What is a Gala Art Project?
Every year PJ Gala is held in support of the Grade 7 Quebec Trip as well as other PAC supported projectes and activities. The Grade 7 parents are responsible for the Gala, but every class is asked to make a classroom contribution of some kind which is auctioned on Gala Night. This could be an item that has been put together for charity (e.g. a baby carriage filled with new infant basics for a new mothers' shelter), or a trip that has been assembled, or the promise of a service by some members of the class (e.g. lawn clean up or bulb planting)... OR an Art Project, often around the theme of the Gala.
What is the Time-line on this Project?
- The GROOVY Gals occurs on May 8th.
- Class contributions will be displayed in the week running up to the Gala, so projects should be fully ready by May 1.
- Your project may need framing or put into some sort of display case etc. Find out how long the process will take, but allow at least 2 weeks, or April 16.
- Send short description of project by email to Gala classroom co-ordinator, Kathleen Akins, before Friday, March 19th.
- Send final detailed description of project to by email to Kathleen Akins by Friday, April 3rd.
- Do a TEST DRIVE at least one week before actual project.
- Arrange a time for your class to do their project with their teacher ASAP. You might wish to break the project up into several shorter sessions or the teacher may wish you to do this project during the scheduled art class over several weeks. March and early April look like the best time to do a project. Remember Easter Break: April 5-9.
- Think now about whether you need to order supplies from out of town and how long that will take. Order ASAP.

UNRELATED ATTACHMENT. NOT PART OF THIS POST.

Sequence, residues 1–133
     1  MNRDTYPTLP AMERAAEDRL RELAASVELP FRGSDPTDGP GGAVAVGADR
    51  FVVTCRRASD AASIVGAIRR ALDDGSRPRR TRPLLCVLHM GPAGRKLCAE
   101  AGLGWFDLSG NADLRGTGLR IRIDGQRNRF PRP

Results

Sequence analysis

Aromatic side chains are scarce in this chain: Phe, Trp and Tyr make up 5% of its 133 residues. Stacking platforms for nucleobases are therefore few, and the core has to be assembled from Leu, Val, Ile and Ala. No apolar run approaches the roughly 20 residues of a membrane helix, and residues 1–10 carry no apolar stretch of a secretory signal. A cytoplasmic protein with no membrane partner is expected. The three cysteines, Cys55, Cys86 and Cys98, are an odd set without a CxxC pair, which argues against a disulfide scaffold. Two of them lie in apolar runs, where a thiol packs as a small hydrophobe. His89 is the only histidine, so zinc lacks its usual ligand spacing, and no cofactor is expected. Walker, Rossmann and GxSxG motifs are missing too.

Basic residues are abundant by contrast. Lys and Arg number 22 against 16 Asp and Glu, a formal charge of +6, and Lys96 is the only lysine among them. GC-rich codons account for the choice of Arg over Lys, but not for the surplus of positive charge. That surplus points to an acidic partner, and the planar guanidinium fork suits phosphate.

Who pays for materials?
Hopefully, your class 'mom' or 'moms' have gathered parent donations for Gala, class parties, teacher presents, etc. If not, a Gala donation will have to be solicited from parents. I wish there were another way to do this, but hopefully you will have enough funds for a good project. The real expense for these projects is usually the final framing if needed.
This is something think about in advance, because finding a thrifty option may take some time. Art stores do not geneally give discounts for charity or educational projects for the obvious reason (art is a favorite fundraiser for both schools and charities). You might want to delegate this problem to another class parent — he or she can phone art stores, ask other parents about mat cutting or carpentry skills (for basic wood frame). If you are using canvasses, deep canvasses are decorative in themselves. You might want to check out the following web site to see what is available locally from our local (vancouver.b.c.) art store:Opus Art and Framing
What Makes For A Successful Project?
I am a big fan of collaborative art for kids — the pride in producing 'real' art is palpable in the kids because it is a genuine accomplishment. Well, I could go on, but won't. Some of the projects I have done with kids have been utter disasters, some great successes. So, for what it is worth, here are some of things I have learned.
- Parents and kids both love to see a part of the completed project that "belongs to" them (or their child). Especially younger children, but I think, really, all of us feel that way. Everyone wants to be able to point and say "I did THAT part" or "That's the part that I made". Even though the project is collaborative, we all want to see the part that we did. Some ways to do this are:
- Use small individual canasses that can be hung together— e.g. in a pattern of twelve canvasses, 3 x 4.